32nd Conference on Broadcast Meteorology/31st Conference on Radar Meteorology/Fifth Conference on Coastal Atmospheric and Oceanic Prediction and Processes

Thursday, 7 August 2003: 3:30 PM
Puget Sound tidal datums by spatial interpolation
Kurt W. Hess, NOAA/National Ocean Service, Silver Spring, MD
Poster PDF (629.1 kB)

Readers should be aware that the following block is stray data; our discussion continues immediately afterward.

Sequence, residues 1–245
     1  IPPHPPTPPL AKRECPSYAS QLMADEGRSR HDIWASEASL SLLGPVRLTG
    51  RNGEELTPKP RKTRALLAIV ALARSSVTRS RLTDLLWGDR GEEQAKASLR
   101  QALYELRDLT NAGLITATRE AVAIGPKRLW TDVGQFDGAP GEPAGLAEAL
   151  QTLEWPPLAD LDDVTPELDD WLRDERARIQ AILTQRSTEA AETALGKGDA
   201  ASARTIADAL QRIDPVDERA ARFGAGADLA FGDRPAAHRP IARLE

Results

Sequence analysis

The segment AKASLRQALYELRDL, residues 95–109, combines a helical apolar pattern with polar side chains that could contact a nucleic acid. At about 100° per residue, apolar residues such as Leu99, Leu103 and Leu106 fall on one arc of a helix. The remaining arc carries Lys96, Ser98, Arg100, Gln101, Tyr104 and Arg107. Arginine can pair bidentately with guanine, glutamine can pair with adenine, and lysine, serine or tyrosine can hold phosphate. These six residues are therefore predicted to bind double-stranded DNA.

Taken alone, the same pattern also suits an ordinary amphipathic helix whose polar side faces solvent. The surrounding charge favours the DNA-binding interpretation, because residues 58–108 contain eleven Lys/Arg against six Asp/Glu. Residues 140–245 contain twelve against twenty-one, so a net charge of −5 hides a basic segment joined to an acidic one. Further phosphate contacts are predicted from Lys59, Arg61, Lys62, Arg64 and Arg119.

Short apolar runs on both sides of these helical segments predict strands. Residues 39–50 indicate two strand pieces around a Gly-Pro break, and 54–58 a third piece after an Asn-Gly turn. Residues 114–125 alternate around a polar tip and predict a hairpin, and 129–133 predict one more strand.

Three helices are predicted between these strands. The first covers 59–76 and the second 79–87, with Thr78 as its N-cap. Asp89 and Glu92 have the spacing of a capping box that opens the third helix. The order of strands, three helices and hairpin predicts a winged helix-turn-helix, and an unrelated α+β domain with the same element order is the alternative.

The National Ocean Service (NOS) requires tidal datum information such as mean high water (MHW) and mean lower low water (MLLW) to support nautical charting, navigational safety, shoreline photogrammetry, and marine boundary determination. Tidal datum information is also needed for referencing NOS' bathymetric data to any one of the other vertical elevation reference systems so the data can be incorporated into integrated bathymetric-topographic Digital Elevation Models (DEMs) for use in coastal GIS applications. NOS routinely collects water level observations at shore-based stations along U.S. coasts and analyzes them to produce tidal datums. An important need is to obtain two-dimensional tidal datum fields that cover coastal waters between the water level stations. One method of simulating tidal datum fields takes values at the tide gauges and spatially interpolates them throughout the region. The values at the gauges which are spatially interpolated are the differences between a reference elevation datum such as local Mean Sea Level (MSL), a geoid, or an ellipsoidal surface and a specific tidal datum such as MHW, MLLW, mean higher high water, mean tide level, diurnal tide level, or mean low water. The spatial interpolation at the core of this method is accomplished by the use of a set of weighting functions that quantify the local contribution from each of the shore gauges. The weighting functions are generated numerically by solving Laplace's Equation on a grid. The interpolation method was applied to Puget Sound, Washington, to create datum fields on a regular grid with cell sizes of 278 m (0.15 nautical miles). Tidal datums for 57 stations were used. Similar tidal datum fields have been produced for Tampa Bay and coastal southern Louisiana to produce DEMs, and for the New York Bight, central coastal California, and Delaware Bay for other purposes. NOS is planning on producing tidal datum fields for all U.S. coastal waters using a combination of hydrodynamic models and spatial interpolation to support hydrographic surveying and other NOS projects.

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